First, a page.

A search of the published medical literature revealed 1 study investigating the researchable question:

What does the evidence say on the fitted filtration efficiency (FFE) of various consumer-grade and improvised face masks, as well as several popular modifications of medical procedure masks during the Corona Virus Disease 2019 (COVID-19) pandemic?

Please see Table 1 for your response.


Study Name

Evaluation of Cloth Masks and Modified Procedure Masks as Personal Protective Equipment for the Public During the COVID-19 Pandemic

Design

In-lab, comparative study

Objective

To evaluate the fitted filtration efficiency (FFE) of various consumer-grade and improvised face masks, as well as several popular modifications of medical procedure masks that are intended to improve mask fit or comfort.

Methods

Seven consumer-grade masks and five medical procedure mask modifications were fitted on an adult male volunteer, and FFE measurements were collected during a series of repeated movements of the torso, head, and facial muscles as outlined by the US Occupational Safety and Health Administration Quantitative Fit Testing Protocol.

 

Consumer-grade masks and medical procedure mask modifications were tested as personal protective equipment against a test aerosol of 0.05-μm NaCl particles. These analyses were designed to quantify the protection that masks offer to the wearer when exposed to others who may be infected.

 

The following consumer-grade masks were tested:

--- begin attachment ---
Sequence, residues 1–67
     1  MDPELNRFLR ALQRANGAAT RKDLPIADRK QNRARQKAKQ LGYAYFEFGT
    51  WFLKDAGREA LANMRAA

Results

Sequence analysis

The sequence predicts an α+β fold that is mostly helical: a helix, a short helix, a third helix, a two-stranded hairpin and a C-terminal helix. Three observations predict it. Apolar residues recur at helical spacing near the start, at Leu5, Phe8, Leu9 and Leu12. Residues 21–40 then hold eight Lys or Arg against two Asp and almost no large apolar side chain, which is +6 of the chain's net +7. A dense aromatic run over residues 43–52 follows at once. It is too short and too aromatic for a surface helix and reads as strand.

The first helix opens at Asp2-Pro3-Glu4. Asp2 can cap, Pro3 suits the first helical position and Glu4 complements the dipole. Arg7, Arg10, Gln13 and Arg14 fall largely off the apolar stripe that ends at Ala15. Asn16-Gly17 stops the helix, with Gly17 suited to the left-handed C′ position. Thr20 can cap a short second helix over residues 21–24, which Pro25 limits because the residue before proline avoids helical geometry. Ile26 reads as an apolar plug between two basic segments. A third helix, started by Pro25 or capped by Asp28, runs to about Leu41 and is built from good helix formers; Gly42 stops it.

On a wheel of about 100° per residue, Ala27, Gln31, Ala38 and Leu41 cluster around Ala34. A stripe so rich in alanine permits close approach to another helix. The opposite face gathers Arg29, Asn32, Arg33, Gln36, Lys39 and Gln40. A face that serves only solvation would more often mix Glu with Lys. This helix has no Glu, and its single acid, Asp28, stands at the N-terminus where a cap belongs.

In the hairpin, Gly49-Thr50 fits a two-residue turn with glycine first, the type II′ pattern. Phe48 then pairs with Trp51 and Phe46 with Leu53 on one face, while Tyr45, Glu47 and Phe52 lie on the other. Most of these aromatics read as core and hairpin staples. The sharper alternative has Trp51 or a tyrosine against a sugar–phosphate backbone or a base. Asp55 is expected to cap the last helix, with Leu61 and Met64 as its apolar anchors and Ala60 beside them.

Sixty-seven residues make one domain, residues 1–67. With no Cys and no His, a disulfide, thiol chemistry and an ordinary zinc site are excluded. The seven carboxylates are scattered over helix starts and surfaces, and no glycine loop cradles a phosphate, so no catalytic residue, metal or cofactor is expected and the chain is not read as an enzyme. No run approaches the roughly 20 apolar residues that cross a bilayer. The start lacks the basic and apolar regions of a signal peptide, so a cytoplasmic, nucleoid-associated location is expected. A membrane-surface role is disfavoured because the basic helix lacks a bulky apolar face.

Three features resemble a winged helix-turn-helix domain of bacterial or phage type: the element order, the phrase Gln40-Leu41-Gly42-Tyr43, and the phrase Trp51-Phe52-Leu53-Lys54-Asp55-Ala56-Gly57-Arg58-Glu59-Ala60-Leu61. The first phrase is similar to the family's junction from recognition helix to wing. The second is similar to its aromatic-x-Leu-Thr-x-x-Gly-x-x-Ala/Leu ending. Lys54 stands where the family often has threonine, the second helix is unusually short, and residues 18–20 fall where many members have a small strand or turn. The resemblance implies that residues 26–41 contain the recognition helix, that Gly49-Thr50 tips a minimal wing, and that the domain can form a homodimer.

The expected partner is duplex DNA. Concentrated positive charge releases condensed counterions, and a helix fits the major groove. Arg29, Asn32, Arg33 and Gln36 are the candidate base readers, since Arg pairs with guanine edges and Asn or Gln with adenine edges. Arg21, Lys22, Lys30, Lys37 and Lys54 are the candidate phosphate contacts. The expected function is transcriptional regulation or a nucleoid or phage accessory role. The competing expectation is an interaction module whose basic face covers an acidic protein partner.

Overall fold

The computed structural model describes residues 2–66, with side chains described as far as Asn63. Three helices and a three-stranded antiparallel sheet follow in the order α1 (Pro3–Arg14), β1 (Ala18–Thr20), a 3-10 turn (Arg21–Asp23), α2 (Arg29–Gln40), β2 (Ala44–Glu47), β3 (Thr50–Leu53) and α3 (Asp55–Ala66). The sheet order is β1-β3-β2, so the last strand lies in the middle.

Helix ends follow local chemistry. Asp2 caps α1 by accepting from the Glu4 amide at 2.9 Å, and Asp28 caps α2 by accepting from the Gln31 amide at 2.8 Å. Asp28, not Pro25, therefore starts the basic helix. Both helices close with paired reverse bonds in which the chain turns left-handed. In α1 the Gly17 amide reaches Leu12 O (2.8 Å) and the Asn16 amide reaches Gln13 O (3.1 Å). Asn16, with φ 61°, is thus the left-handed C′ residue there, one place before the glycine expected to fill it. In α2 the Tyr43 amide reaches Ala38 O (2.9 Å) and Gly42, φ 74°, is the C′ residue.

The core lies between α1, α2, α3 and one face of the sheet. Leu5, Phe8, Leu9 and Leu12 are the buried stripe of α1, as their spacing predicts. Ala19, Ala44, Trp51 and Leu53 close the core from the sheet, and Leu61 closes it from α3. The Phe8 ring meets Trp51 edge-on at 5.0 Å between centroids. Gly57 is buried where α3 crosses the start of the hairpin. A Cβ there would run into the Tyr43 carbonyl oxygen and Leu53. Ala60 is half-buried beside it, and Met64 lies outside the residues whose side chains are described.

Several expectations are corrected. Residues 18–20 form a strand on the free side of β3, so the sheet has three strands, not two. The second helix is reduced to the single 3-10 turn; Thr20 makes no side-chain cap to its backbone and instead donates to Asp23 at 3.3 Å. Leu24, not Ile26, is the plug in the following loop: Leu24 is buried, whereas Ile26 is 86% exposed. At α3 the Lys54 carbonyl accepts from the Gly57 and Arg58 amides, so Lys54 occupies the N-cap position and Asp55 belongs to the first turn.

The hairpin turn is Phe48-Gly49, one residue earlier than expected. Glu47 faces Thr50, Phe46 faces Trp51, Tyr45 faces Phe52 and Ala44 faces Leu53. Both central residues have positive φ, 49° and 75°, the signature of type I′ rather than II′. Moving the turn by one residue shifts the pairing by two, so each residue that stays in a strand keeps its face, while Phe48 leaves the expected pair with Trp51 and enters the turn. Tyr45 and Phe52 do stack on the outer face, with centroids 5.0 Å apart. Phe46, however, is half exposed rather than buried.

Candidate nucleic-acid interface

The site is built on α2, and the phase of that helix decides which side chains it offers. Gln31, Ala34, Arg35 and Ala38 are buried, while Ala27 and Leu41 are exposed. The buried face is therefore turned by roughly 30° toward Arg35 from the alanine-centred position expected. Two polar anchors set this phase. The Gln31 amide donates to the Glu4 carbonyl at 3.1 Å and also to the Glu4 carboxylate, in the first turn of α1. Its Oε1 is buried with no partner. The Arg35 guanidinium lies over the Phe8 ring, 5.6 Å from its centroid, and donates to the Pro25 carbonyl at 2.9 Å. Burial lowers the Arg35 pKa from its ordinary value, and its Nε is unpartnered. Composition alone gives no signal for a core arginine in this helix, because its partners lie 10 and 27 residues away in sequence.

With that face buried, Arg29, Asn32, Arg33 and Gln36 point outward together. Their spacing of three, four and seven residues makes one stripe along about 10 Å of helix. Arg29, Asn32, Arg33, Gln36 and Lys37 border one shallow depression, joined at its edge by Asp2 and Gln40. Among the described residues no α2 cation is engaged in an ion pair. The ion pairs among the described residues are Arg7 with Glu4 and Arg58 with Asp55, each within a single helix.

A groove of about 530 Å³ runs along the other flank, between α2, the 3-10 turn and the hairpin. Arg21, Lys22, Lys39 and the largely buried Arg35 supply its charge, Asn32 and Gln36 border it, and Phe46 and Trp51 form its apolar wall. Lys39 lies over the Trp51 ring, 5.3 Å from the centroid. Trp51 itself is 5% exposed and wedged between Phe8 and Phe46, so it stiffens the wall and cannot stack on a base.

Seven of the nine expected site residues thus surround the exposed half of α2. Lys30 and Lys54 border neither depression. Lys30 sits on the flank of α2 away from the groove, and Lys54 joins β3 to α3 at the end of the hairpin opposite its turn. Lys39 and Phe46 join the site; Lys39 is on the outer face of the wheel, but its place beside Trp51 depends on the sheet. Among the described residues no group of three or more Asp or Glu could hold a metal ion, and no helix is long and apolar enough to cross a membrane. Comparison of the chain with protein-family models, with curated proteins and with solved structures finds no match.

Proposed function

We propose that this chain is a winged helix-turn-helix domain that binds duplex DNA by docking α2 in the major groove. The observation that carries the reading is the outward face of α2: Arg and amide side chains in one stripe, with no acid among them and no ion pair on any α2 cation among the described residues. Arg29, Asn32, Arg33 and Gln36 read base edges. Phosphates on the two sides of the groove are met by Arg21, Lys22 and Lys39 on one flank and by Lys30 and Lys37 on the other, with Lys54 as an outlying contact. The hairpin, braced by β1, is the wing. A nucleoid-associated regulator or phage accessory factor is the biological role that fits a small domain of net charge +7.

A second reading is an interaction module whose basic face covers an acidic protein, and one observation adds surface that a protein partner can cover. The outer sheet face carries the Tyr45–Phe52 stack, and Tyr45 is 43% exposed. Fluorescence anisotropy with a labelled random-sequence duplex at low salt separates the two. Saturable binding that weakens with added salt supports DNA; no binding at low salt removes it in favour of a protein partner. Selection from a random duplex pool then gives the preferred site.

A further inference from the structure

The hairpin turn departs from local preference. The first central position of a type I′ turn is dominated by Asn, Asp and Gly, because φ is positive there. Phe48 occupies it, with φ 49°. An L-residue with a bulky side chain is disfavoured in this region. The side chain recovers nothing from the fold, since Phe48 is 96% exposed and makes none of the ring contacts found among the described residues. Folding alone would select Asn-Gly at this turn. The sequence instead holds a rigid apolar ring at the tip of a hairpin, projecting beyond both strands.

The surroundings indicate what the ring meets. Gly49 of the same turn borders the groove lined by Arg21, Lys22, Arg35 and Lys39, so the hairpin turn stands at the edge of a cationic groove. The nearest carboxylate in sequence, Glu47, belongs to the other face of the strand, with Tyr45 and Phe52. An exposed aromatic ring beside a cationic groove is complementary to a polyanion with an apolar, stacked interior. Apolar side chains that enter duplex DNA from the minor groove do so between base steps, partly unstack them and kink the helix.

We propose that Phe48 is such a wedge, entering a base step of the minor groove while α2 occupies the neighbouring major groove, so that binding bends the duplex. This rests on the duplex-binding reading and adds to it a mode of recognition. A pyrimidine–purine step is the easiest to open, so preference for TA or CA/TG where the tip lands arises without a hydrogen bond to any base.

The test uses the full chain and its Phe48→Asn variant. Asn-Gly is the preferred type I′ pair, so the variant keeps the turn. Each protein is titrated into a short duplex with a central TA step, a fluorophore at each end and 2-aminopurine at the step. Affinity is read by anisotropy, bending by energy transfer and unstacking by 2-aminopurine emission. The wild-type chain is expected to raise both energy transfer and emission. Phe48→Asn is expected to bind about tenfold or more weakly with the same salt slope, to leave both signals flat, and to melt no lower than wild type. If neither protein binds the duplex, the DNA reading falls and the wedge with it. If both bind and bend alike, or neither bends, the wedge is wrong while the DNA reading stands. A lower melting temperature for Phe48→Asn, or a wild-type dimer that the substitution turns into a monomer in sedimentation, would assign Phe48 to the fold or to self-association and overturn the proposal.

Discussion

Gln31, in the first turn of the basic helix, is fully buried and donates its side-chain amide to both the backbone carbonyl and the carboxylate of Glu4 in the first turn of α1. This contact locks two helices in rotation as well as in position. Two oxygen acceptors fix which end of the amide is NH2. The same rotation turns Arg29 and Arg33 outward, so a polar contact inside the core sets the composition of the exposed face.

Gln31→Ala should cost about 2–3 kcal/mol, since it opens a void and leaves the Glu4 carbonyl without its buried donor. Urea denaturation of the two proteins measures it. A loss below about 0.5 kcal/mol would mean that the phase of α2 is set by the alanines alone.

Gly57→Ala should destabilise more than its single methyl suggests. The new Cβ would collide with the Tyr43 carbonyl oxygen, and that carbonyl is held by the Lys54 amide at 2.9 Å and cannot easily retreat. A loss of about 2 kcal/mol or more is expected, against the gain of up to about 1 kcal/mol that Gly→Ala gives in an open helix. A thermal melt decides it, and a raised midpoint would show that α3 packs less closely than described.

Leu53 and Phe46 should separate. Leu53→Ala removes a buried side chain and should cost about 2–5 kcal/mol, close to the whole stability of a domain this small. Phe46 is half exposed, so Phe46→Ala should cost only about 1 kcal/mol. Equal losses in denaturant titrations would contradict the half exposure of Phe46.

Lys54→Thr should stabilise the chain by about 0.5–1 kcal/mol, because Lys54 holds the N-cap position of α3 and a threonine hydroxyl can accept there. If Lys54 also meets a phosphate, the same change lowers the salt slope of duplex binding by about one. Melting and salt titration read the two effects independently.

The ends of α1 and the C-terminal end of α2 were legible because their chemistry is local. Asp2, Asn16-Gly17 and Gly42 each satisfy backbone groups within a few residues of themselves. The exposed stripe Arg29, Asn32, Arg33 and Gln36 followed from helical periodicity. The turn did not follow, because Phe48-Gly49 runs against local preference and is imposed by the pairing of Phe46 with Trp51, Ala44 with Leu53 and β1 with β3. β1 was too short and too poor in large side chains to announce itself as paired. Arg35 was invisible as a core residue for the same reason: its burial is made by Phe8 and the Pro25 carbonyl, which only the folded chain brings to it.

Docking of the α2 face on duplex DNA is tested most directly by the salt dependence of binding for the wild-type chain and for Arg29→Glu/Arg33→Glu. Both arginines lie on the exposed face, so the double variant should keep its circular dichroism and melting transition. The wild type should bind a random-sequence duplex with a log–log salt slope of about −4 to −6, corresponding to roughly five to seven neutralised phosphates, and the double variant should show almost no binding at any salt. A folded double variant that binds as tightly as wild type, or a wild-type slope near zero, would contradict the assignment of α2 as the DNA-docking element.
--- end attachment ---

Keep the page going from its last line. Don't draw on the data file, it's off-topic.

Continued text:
(1) A 2-layer woven nylon mask (54% recycled nylon, 43% nylon, 3% spandex) with ear loops tested with an optional aluminum nose bridge and non-woven-filter insert in place

 

(2) A cotton bandana folded diagonally once “bandit” style  

 

(3) A multilayer rectangle according to the instructions presented

by the US Surgeon General

 

(4) A single-layer woven polyester/nylon mask (80% polyester, 17% nylon, 3% spandex) with ties  

 

(4) A nonwoven polypropylene mask with fixed ear loops

 

(5) A single-layer woven gaiter/neck cover balaclava bandana (92% polyester and 8%spandex)

 

(6) A 3-layer woven cotton mask with ear loops

 

The baseline FFE of unmodified medical procedure masks with elastic ear loops was measured and compared with the FFE of the same type of mask with various modifications designed to enhance its function.

 

The following modifications were tested:

(1)  enhancing the mask/face seal by tying the ear loops and tucking in the side pleats

 

(2) fastening ear loops behind the head with 3-dimensional–

printed ear guards

(3) fastening ear loops behind the head with a 23-mm claw-type hair clip